Pick and mix

Pick and mix

Hayseed Dixie mix heavy metal with bluegrass music to novel effect.And as his name implies,the band's frontman Barleycorn Scotch enjoys a whisk(e)y too.Rob Allanson joined him for a tipple

People | 21 Jul 2006 | Issue 57 | By Rob Allanson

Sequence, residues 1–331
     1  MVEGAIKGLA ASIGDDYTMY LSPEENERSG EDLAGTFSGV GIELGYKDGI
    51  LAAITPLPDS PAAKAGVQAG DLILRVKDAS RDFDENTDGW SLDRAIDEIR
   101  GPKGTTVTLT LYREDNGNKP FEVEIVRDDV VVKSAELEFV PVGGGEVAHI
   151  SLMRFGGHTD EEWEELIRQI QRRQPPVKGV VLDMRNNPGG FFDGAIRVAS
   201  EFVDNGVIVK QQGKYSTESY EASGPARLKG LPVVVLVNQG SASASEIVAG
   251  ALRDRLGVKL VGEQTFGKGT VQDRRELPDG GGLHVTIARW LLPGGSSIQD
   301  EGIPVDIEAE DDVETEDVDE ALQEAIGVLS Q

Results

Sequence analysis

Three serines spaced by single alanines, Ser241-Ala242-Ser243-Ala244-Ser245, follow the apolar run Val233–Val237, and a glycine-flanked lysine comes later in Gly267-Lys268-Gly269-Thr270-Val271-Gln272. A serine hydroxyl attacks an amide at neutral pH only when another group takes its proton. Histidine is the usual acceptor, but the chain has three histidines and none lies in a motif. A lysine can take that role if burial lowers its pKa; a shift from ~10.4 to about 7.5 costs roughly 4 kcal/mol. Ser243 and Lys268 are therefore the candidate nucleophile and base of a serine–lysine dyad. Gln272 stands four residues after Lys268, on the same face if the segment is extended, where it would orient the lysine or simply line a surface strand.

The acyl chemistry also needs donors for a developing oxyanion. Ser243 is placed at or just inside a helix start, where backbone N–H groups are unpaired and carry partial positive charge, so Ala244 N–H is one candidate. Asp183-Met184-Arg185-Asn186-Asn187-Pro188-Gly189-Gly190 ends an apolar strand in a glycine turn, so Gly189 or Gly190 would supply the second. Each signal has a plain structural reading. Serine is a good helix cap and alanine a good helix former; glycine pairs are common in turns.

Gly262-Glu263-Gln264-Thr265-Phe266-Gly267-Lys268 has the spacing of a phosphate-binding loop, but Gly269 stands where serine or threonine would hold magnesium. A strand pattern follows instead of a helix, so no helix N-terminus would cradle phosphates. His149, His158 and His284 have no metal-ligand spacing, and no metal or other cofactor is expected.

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For many the twin poles of malt whisky and bourbon are about as far apart as you can get.Taste, ingredients, climate for maturing, and water chemistry all make for two different drinks, and there are some people in each camp that cannot stomach the other side’s chosen beverage.Yet, as often happens in politics, it takes a musician to stand up and be counted by pointing out the similarities and why we should all be getting along.As we have already seen in the pages of Whisky Magazine, there are plenty of bands out there whose song lyrics are steeped in tributes to whisky and extol the joys and bemoan the effects of this wonderful tipple.For one bluegrass rock band Hayseed Dixie this is certainly true, their first album, A Hillbilly Tribute to AC/DC, was fuelled by Knob Creek bourbon.But now singer Barleycorn Scotch – also known as John Wheeler – has found himself exploring the world of malt whisky.However do not let the dungarees, tie-dye Tshirt and hillbilly style put you off, this man is a dedicated devotee of the water of life in all its forms.John’s profile in the whisky world was raised considerably when The Scotsman newspaper asked him to write an article praising the virtues of whisky for their Seven Wonders of Scotland series.The band’s links with Scotland extend to playing in the city on Hogmanay last year, and organising a music festival in Ullapool.The 36-year-old singer, guitarist and fiddle player, not to mention a native of Nashville, Tennessee, is even in the throes of making a documentary about the similarities between bourbon and whisky.The twin bastions of music and the water of life – well bourbon in the beginning – have mingled together throughout John’s life.“Like my music, I am passionate about my whisky, but really it is all a matter of personal taste. I don’t like the Speyside style as much as the Highlands and Islands,” he explains settling back in to his comfy chair nursing a dram of his favourite Laphroaig.“I think I would like to be buried with a bottle of Laphroaig, at least I would be very popular with the worms. It is the one I keep going back to, after all it is also by appointment to the Prince of Wales. It depends on my mood but the 15 is the one I get the most.” Bourbon, or the bourbon style, was where his journey began, and like many people experimentation began at home.“I come from a long line of moonshiners,” he says. “My father was a hog farmer but made his own bourbon. Obviously it was not called bourbon, but it was that sort of style.“I made my first whiskey when I was 14, on the stove at home. I mashed up some corn and fermented it in an old pressure cooker. I made a copper coil out of some tubing and ran it into a coffee tin. All I did was boil it up, and had six cases of moonshine sorted for the next year.” For anyone wanting to try this at home John offers one piece of very valuable advice.“The recipes we used would involve fruit because the spirit was not at all smooth. We used to soak fruit, like cherries or peaches, in it to soak up the impurities.“One thing you did not do is eat the fruit.You had this kind of fruit punch tasting spirit left and this stuff does not make you as sick as much as straight moonshine.” The exploration of Scotland’s finest began during his college years, when at 21 years old a professor handed him a glass of The Glenlivet and he has not looked back since.“When I started to make more money (it was really hard to justify spending $30 to $40 at college) I decided to start trying different single malts,” he adds.“I tend to gravitate to those with a peaty, smoky and seaweed vibe. Then when I came over to Scotland I began to really nail down the flavours and tastes I liked.” As with so many whisky connoisseurs, John had a ‘Road to Damascus’ moment during one of his first trips to Scotland.“The band put on a festival in Ullapool last year called Loopallu,” John explains.“When my bass player and I were driving from Inverness with the car window down, I noticed that you could really smell the peat and see it all over as well.“The light bulb went on that the smell and taste of whisky were linked, and that’s where my idea about whisky being ‘Scotland in a bottle’ came from, the whole sensory effect of whisky.” John’s music is also tinged with whiskey references, take the first song he ever learnt to play, the Hank Williams Jnr classic Whiskey Bent and Hell Bound.“My dad got me a guitar when I was nine,” he says, “and the Williams song was one of the first tunes I learned to play. It is only three chords so I used to play along to the record. I just love it. I used to play it at parties in college.“After a while I began to see there was not much difference between that and AC/DC’s Highway to Hell. A few years ago I decided to try a whole bunch of AC/DC songs in the bluegrass style and record them, and the band was born.“We have spent the better part of seven years performing all over the world now.“I love coming to and playing in Scotland.Glasgow is one of the best places to play. We have sold out every show we have played there in the last two years.” The love of whisky has united John and his fellow hillbillies with some of Scotland’s musical sons too.“We played with the Proclaimers,” he explains. “Craig and I got on like a house on fire. I knew we were going to be good friends when at Glastonbury he wandered across the stage with a bottle of whisky, half a bottle of Talisker I remember, and asked if I wanted a dram. After that we kept bumping into each other.” The next big project for John, in between spending time spreading the bluegrass gospel across the world, is his documentary about the similarities between bourbon and whisky.“I think it’s all down to the Scots emigrating to the Appalachians, getting there and trying to make their whisky using the same recipe but having to use what was to hand, corn,” he says.“Corn is the grain which settlers found in abundance in America; barley was a bit harder to come by, and one uses what one has. Of course there are other substantial differences between the southern US and Scotland which affect the differences in the liquors: different water chemistries and climates, but without Scotch there would be no bourbon, without Oban there would be no Jack Daniel’s.“Now the US is selling its bourbon barrels back to the Scots so life has come full circle.”  The latest Hayseed Dixie CD ‘A Hot Piece of Grass’ is out on general release and the band are touring the United Kingdom and Europe during this summer.The second Annual Loopallu festival in Ullapool takes place on September 22 and 23.For more information visit: www.hayseed-dixie.com